IN MEMORIAM – “AUSTIN”
May 14, 2005 – January 9, 2020
It is with great sadness and a very heavy heart to inform all of you of the passing of our beloved Standardbred gelding, Austin on January 9, 2020. He was just 14 years old and had raced under the name, “One Awesome Master.” Austin was a trotting champion with earnings exceeding $270,000 for his former owners.
For those of you who have been following his story, Austin came to Equine Advocates Rescue & Sanctuary in December of 2015. I had last written about him publicly on December 16th, when he had just returned from the hospital for the third time in 2019. While we knew Austin had sustained injuries during his racing career, we found out that he often had been made to run with those injuries. Ultimately, the wear and tear to his legs and his stifle joints caused permanent injuries that were beyond repair. The hard truth for us was learning that there was no cure for him and he would never recover or improve. His pain would only increase over time.
What Austin needed was two knee replacements, but this surgery has never been successfully performed on an equine. While knee joint replacements are among the most common and successful surgeries for humans, equines who are used as performance animals strictly to generate profits for their owners often die untimely deaths because there is no help or remedy for many of the life-threatening injuries they sustain during their careers. In many cases, just as was the case with Austin, horses are pushed to run even though their handlers and veterinarians who administer performance-enhancing drugs to mask their pain know exactly what they are doing to these animals.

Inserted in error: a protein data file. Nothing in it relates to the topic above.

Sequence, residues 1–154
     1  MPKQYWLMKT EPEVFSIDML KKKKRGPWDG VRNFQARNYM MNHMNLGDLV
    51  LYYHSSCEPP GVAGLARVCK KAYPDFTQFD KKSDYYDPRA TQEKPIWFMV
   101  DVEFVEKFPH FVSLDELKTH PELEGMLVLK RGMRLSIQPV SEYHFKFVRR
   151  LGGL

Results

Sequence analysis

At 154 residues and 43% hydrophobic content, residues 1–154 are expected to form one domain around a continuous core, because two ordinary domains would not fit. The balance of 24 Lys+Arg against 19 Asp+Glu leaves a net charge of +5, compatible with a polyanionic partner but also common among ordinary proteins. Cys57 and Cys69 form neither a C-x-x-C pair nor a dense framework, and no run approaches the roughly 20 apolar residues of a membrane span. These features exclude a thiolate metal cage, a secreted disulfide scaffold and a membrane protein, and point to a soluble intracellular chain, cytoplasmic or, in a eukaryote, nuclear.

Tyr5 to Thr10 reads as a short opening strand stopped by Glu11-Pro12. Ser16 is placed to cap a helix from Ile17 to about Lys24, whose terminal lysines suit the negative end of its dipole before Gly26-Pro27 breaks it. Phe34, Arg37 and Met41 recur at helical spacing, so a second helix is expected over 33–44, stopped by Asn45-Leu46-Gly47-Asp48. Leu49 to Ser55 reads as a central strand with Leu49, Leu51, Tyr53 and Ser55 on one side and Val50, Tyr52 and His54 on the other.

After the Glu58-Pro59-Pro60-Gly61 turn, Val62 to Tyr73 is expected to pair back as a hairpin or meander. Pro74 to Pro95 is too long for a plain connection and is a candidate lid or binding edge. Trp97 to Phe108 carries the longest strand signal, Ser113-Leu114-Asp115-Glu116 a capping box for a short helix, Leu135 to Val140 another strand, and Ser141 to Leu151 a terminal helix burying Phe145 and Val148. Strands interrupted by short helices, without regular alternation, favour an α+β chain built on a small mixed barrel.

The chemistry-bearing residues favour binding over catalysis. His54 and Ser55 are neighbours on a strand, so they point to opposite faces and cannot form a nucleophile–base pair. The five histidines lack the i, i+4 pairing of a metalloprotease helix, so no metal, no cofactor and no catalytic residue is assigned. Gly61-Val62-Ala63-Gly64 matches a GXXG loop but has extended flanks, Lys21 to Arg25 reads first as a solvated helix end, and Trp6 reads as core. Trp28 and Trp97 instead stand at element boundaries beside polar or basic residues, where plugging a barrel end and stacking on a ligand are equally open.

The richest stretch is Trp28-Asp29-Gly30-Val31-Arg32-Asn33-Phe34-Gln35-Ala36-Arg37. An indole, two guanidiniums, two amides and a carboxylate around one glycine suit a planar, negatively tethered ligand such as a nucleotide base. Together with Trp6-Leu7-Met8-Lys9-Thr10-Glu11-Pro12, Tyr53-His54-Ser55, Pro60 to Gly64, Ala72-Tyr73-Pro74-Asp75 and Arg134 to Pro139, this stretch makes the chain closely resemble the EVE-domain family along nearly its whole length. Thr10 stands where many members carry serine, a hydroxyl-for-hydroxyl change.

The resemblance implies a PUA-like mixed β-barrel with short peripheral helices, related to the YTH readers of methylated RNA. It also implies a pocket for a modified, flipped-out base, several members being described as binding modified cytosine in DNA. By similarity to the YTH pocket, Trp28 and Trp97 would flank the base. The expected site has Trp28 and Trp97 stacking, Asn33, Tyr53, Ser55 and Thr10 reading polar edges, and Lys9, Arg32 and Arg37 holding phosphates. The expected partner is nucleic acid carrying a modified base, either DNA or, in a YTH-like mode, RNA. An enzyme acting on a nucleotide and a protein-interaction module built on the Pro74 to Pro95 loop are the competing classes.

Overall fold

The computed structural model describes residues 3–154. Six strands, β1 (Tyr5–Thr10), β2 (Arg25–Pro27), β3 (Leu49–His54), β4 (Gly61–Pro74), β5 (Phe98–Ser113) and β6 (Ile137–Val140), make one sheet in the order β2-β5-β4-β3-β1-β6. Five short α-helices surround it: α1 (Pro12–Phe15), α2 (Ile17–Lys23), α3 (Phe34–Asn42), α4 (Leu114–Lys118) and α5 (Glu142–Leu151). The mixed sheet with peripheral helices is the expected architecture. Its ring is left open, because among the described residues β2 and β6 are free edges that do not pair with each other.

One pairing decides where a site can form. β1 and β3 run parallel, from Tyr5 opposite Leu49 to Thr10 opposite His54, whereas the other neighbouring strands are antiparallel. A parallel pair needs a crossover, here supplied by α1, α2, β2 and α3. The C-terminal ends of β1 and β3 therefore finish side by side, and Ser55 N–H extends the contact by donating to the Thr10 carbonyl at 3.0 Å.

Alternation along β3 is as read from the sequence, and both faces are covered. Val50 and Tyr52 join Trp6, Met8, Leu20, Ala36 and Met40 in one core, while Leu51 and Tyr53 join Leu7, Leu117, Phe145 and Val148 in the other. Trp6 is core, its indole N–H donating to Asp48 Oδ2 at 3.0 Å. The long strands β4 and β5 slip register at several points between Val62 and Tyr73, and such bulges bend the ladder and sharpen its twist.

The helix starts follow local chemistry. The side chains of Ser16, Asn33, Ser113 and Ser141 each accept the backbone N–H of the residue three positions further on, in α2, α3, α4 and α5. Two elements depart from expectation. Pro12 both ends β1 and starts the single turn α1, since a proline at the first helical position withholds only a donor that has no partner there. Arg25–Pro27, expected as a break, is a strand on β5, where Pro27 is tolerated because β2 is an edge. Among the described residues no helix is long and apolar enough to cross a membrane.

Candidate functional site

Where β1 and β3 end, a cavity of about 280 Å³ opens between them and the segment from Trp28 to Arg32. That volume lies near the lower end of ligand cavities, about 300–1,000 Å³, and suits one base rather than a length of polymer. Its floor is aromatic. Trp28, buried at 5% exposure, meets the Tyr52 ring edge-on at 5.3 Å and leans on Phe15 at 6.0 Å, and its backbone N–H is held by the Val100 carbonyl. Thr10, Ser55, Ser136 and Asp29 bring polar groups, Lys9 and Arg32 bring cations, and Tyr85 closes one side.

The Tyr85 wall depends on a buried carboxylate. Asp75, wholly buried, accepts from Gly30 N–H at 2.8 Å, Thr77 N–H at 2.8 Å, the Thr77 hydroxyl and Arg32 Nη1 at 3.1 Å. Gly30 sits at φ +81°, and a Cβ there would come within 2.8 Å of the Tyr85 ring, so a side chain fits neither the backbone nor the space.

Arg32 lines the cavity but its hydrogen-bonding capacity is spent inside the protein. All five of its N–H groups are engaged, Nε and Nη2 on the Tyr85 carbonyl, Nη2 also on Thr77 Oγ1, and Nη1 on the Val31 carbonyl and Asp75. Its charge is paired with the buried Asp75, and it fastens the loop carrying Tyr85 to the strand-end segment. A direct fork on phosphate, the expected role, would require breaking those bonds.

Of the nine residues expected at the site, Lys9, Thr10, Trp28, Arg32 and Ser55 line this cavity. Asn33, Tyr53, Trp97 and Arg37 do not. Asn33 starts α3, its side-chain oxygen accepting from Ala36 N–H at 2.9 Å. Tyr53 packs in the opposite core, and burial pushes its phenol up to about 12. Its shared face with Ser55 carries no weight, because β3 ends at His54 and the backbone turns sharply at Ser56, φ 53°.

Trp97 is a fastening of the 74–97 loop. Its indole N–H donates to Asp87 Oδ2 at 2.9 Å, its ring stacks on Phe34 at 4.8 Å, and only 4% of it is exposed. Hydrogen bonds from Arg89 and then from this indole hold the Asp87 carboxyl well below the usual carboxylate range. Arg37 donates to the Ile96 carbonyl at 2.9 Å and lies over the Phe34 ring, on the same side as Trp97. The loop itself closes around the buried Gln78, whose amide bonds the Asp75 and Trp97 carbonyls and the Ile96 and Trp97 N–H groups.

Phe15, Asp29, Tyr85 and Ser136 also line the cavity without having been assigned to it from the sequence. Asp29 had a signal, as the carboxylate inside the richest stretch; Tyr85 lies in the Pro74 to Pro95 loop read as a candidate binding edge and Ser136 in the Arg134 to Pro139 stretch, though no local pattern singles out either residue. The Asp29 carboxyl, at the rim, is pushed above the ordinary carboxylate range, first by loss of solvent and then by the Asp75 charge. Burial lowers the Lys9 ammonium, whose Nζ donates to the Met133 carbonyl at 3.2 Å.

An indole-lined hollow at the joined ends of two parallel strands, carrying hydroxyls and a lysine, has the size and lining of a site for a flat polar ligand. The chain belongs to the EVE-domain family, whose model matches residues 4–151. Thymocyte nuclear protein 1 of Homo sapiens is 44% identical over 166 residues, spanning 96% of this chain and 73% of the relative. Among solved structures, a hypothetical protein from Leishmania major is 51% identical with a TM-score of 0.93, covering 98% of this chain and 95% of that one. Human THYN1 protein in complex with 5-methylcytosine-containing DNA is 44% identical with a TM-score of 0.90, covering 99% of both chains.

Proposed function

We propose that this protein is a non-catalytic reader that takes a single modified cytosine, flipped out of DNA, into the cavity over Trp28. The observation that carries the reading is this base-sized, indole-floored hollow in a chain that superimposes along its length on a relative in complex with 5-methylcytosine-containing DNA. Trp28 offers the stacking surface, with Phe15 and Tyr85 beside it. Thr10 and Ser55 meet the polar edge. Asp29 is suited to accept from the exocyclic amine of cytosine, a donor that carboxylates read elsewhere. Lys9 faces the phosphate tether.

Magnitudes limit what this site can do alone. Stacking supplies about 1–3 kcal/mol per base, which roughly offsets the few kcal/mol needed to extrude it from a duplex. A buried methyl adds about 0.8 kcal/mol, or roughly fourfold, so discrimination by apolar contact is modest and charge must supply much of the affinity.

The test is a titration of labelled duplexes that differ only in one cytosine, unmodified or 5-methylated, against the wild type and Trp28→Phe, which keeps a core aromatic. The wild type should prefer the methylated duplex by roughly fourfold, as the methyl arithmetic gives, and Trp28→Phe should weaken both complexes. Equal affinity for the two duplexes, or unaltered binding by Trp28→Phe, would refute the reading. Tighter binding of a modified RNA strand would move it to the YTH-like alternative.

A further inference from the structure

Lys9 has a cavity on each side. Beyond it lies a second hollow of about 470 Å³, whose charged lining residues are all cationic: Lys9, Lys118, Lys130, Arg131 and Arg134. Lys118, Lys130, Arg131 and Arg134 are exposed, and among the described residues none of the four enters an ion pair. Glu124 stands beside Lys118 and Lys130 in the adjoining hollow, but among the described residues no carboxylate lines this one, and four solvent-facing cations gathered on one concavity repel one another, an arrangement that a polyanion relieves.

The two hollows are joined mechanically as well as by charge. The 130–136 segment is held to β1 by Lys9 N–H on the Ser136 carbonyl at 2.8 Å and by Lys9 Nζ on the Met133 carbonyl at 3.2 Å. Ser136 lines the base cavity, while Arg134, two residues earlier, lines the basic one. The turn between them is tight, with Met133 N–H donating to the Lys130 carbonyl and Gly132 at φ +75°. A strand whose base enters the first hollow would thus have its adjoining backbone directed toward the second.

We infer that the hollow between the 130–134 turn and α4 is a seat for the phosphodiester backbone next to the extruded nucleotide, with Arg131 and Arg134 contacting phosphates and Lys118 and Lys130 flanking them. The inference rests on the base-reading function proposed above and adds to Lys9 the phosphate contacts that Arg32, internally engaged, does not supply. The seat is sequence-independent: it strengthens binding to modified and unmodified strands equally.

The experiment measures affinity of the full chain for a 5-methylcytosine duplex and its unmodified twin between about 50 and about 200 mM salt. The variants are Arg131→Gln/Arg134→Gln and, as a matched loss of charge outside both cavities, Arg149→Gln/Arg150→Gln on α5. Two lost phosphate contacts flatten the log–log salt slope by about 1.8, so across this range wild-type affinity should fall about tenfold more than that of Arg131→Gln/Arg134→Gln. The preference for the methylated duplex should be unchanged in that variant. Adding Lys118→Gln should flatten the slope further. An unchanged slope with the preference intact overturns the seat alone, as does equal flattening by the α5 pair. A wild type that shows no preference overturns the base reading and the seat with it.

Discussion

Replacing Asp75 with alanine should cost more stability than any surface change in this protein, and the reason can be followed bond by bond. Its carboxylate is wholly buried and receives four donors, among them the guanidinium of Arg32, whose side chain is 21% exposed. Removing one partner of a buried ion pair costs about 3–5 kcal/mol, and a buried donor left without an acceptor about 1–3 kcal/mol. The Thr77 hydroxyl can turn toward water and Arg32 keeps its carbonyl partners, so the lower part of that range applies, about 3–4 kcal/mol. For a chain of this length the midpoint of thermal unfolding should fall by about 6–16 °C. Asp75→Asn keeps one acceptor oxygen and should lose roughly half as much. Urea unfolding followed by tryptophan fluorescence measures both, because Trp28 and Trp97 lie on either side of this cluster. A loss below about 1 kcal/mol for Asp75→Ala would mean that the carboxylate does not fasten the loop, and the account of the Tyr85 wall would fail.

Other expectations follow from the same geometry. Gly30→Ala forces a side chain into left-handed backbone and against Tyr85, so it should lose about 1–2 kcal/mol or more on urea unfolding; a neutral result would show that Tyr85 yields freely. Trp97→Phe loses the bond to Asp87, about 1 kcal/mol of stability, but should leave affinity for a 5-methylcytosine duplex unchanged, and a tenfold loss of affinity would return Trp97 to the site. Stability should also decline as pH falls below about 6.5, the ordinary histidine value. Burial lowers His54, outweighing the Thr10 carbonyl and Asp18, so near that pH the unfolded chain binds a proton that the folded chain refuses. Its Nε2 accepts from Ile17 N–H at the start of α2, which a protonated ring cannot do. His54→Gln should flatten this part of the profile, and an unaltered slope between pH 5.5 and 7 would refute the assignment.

Austin was no ordinary horse. Not only was he gorgeous and kind, but he was a horse who never gave up. Had he refused to run with his injuries as his handlers forced him to do, he might still be alive today.
We had the privilege of having Austin under our care for just over four years. We expected him to live at least until 30. Instead, he had to be humanely euthanized at the age of 14. We have two equines here who will turn 34 this year. We have even more thriving in their mid to late twenties. Tragically, that was not to be Austin’s fate.
In my 26 years of rescuing horses, this was one of the worst experiences of my life regarding the loss of one of our horses. Having to face the fact that for Austin there were no other options and nothing more to try was simply devastating to me. To lose a young and vibrant horse like this who wanted so badly to live, is something I will never get over.
Still, I am glad we were the ones to care for him during his final years. He passed quietly with all of us surrounding him, holding him and talking to him as a kind veterinarian carefully administered the euthanasia drugs. I can only imagine the number of horses also in his position who do not have a peaceful and dignified end as he did. Many end up in slaughterhouses and/or suffering in dire pain. I know I speak for everyone here, as well as and for our volunteers and his sponsors in saying that there will never be another horse like Austin.
– Susan Wagner
Photo by Kara Heniges